Let’s Look Ahead to October and Q4

September 30, 2022  |  Michael Reilly

Today is the last day of September, and you know what that means – it’s the last day of the month and the last day of Q3.

So get ready, because next week is where we’ll do a deep dive into everything from asset class and sector strength to market breadth and investor sentiment. 

Consider this just a little prequel to the quarter-end review we have coming your way.

Today, I want to share two market indicators that have signaled short-term rallies in 2022.

We’ll start with a review of the S&P 500 index…

Here we are back at the scene of the crime – back at the June lows. To be technically correct, the S&P broke below the June lows earlier this week and put in a new low for the year. 

The point is, we’re watching a retest of an area where the S&P last found meaningful support, so it’s an important level to watch.

Is this a double bottom? Will we bounce higher from these levels? 

As with all rhetorical questions about the market, we can’t answer that yet. Only time will tell.

However, what we can say is that this is a logical place for the S&P to dig in and reverse higher if it’s going to.

There are a lot of reasons for that, but today I’ll focus on two indicators that have done an excellent job in predicting reversals in 2022: the Bullish Percent Index of the S&P 500 and the VIX.

Analyzing market participation via the Bullish Percent Index of the S&P 500 has allowed us to determine risk levels based on stock participation and reading the overbought or oversold conditions of the S&P.

We don’t want to get too caught up in the weeds, but this indicator relays two data sets:

The first, when the line chart in the upper pane (below) breaks below 30% it signals an oversold market. 

Second, it will identify the percentage of stocks that trade on the S&P that are on buy signals on their respective charts.  

Currently, the percentage of stocks trading on the S&P that are on buy signals is in the single digits. But focus on the oversold signal – below 30%. We saw oversold conditions in March and in June… following those oversold conditions, markets rallied (May and June).

The S&P is now at similar oversold levels that it was at prior to the June stock rally.

Objectively, oversold does not mean over. It is possible the S&P remains at these levels or even moves lower for some time before a reversal occurs.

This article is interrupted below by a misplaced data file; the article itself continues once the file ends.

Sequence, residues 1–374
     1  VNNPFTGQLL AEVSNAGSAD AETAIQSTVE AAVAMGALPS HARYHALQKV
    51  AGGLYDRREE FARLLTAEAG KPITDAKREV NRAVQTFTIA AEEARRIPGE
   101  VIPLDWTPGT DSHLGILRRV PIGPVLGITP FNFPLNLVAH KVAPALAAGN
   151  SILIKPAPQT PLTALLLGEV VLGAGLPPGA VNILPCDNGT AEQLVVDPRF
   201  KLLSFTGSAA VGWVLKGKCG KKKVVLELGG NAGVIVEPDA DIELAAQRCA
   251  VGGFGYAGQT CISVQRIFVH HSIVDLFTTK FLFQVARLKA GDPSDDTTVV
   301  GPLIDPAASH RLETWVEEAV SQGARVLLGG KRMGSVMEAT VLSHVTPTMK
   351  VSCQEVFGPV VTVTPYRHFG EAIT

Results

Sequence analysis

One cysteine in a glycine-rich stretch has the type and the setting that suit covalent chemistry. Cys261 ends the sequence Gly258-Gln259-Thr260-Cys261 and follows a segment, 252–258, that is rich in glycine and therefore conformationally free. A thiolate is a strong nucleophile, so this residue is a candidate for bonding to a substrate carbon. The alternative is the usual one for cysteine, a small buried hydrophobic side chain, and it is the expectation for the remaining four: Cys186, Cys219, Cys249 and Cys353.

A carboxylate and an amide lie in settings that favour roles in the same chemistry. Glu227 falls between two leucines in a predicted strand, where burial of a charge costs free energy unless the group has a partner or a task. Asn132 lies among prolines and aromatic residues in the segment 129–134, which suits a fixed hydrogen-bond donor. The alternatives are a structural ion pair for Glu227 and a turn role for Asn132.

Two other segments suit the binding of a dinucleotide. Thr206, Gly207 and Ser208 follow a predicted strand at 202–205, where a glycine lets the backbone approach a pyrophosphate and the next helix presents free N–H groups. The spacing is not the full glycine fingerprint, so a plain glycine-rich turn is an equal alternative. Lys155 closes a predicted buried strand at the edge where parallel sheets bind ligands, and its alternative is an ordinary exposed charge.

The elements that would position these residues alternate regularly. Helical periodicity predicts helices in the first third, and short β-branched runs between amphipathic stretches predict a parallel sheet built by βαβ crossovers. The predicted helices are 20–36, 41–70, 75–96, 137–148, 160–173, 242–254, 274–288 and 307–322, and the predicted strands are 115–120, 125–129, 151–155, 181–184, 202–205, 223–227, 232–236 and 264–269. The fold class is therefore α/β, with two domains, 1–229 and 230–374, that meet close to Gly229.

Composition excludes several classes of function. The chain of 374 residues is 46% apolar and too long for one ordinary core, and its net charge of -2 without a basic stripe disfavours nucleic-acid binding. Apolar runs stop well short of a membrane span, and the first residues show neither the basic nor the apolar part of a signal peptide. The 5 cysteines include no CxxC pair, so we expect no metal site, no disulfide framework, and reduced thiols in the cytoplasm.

What we can say as a general rule is that when the BPI gets into oversold levels, it has led to opportunity. 

Moving on to the VIX, which is a measure of fear or uncertainty often referred to as the “fear gauge.” When investors are getting nervous and panicking, you’ll see that anxiety expressed as a spike in the VIX.

The VIX can move to extremes – and it has recently. It blew up during the height of the covid crash, for example (see below). 

Now that we’re in 2022, the character of moves in the VIX is different. This year, we’ll qualify a spike in the VIX at readings above 30. 

Throughout 2022, when the VIX exceeded 30, it signaled opportunity as the S&P formed short-term bottoms and rallied higher. I’ve highlighted (above) the relationship of the VIX to short-term bottoms in price at the index level. 

Each time the VIX has exceeded 30, the S&P has rallied.

It’s crucial investors make a mental note that the VIX formed this same pattern last Friday into Monday of this week.

Just remember: The VIX above 30 has created tactical opportunities.

But I wouldn’t rely on this data alone for calling an end to the bearishness altogether.

The weight of the evidence suggests a short-term bottom could be in the works, but we simply can never say for sure. No crystal ball here my friends!

But here is what we know: 

We have the VIX above 30…

The S&P 500 BPI is at oversold conditions…

And the S&P 500 index is testing previous lows.

Check, check, and check – these are the ingredients for a rally off current lows.

So… Is that THE bottom or another short-term bottom?

Sure, it’s possible, but is it probable? It’s not the bet I’d be making…

Nothing has materially changed to suggest this market is yet in the process of changing from bearish to bullish. 

In fact, I would argue that the data would suggest things have gotten worse globally!

And we have not seen any of the traditional signs we expect to see when a bottom is forming. 

But when we do, rest assured we will share it with you here.

We’ll dig into all of this and more next week.

Until then, invest wisely…






P.S. To find out how Rowe Wealth can help you profit through whatever the market serves up next, schedule a free 1-hour consultation with us now.

Michael Reilly

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